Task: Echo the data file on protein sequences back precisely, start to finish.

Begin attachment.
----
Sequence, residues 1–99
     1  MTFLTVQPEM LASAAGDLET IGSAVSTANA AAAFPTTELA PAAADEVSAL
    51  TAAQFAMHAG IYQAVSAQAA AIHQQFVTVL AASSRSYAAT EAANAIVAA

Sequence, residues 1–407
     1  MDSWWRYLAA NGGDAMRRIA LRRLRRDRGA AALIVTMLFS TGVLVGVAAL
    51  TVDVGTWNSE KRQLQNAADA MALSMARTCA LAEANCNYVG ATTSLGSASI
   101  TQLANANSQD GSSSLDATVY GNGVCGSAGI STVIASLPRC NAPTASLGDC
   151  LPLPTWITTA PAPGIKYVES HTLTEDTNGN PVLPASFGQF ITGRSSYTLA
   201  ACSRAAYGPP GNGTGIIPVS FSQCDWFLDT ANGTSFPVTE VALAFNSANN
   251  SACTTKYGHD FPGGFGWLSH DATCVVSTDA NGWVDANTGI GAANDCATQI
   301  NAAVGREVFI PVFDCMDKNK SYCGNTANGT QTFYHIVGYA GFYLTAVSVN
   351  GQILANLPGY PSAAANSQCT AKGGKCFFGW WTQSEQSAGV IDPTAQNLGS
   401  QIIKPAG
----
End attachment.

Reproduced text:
Sequence, residues 1–99
     1  MTFLTVQPEM LASAAGDLET IGSAVSTANA AAAFPTTELA PAAADEVSAL
    51  TAAQFAMHAG IYQAVSAQAA AIHQQFVTVL AASSRSYAAT EAANAIVAA

Sequence, residues 1–407
     1  MDSWWRYLAA NGGDAMRRIA LRRLRRDRGA AALIVTMLFS TGVLVGVAAL
    51  TVDVGTWNSE KRQLQNAADA MALSMARTCA LAEANCNYVG ATTSLGSASI
   101  TQLANANSQD GSSSLDATVY GNGVCGSAGI STVIASLPRC NAPTASLGDC
   151  LPLPTWITTA PAPGIKYVES HTLTEDTNGN PVLPASFGQF ITGRSSYTLA
   201  ACSRAAYGPP GNGTGIIPVS FSQCDWFLDT ANGTSFPVTE VALAFNSANN
   251  SACTTKYGHD FPGGFGWLSH DATCVVSTDA NGWVDANTGI GAANDCATQI
   301  NAAVGREVFI PVFDCMDKNK SYCGNTANGT QTFYHIVGYA GFYLTAVSVN
   351  GQILANLPGY PSAAANSQCT AKGGKCFFGW WTQSEQSAGV IDPTAQNLGS
   401  QIIKPAG